UPDATE 2/24 9:45am: since the post below was written, Stiglitz has seen vote swing his way. Cast your own vote early and often! Paul Volcker said after the crisis: "I wish that somebody would give me some shred of neutral evidence about the relationship between financial innovation recently and the growth of the economy."
There is a longstanding historical tradition of suspicion and hostility towards finance. It goes all the way back to the medieval prohibition of "usury," if not further. Many have long accused financiers of useless "speculation" that enriches themselves at the expense of everybody else.
Didn't The Crisis reinforce all of these doubts ten-fold? Shouldn't developing countries be even MORE wary of those financial tricksters? (Volcker thinks the only useful finance innovation in our generation was the ATM).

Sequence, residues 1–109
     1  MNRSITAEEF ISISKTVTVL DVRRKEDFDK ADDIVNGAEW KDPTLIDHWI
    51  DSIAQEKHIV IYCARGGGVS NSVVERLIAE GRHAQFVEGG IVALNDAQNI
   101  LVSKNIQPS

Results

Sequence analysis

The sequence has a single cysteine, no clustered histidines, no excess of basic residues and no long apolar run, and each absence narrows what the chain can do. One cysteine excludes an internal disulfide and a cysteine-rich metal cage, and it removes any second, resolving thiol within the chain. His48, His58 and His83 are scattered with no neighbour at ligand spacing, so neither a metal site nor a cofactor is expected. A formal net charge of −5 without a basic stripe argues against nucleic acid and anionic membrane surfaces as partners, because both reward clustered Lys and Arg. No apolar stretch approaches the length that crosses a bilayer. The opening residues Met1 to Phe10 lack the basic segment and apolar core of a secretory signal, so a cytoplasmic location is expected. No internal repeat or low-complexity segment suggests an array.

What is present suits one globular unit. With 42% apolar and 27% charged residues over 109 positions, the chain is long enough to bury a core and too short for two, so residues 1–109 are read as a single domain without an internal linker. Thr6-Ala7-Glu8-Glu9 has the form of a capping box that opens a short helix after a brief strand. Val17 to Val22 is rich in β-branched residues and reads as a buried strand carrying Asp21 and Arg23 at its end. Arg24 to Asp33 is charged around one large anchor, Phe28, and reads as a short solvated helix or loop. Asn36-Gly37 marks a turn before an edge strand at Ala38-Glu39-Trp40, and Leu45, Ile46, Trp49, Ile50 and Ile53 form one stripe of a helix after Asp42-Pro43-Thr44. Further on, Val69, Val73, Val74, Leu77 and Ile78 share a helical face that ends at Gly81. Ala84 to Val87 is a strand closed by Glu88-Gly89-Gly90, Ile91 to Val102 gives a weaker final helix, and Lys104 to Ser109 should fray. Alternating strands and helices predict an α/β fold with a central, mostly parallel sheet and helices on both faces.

And in a new online debate at the Economist, Joe Stiglitz backs up Volcker with all his Nobel-Prize-winning artillery.
On the other side against History and Hard Times and Heavyweights is one brave economist, Ross Levine, arguing that financial innovation is still GOOD. In fact, he says it's Indispensable to future Economic Growth both in rich and poor countries. And so far he's winning the argument! -- go to the web site and decide for yourselves -- and then cast YOUR vote.
(Full disclosure: Ross happens to be my friend and frequent co-author. But he would have gotten my vote anyway.)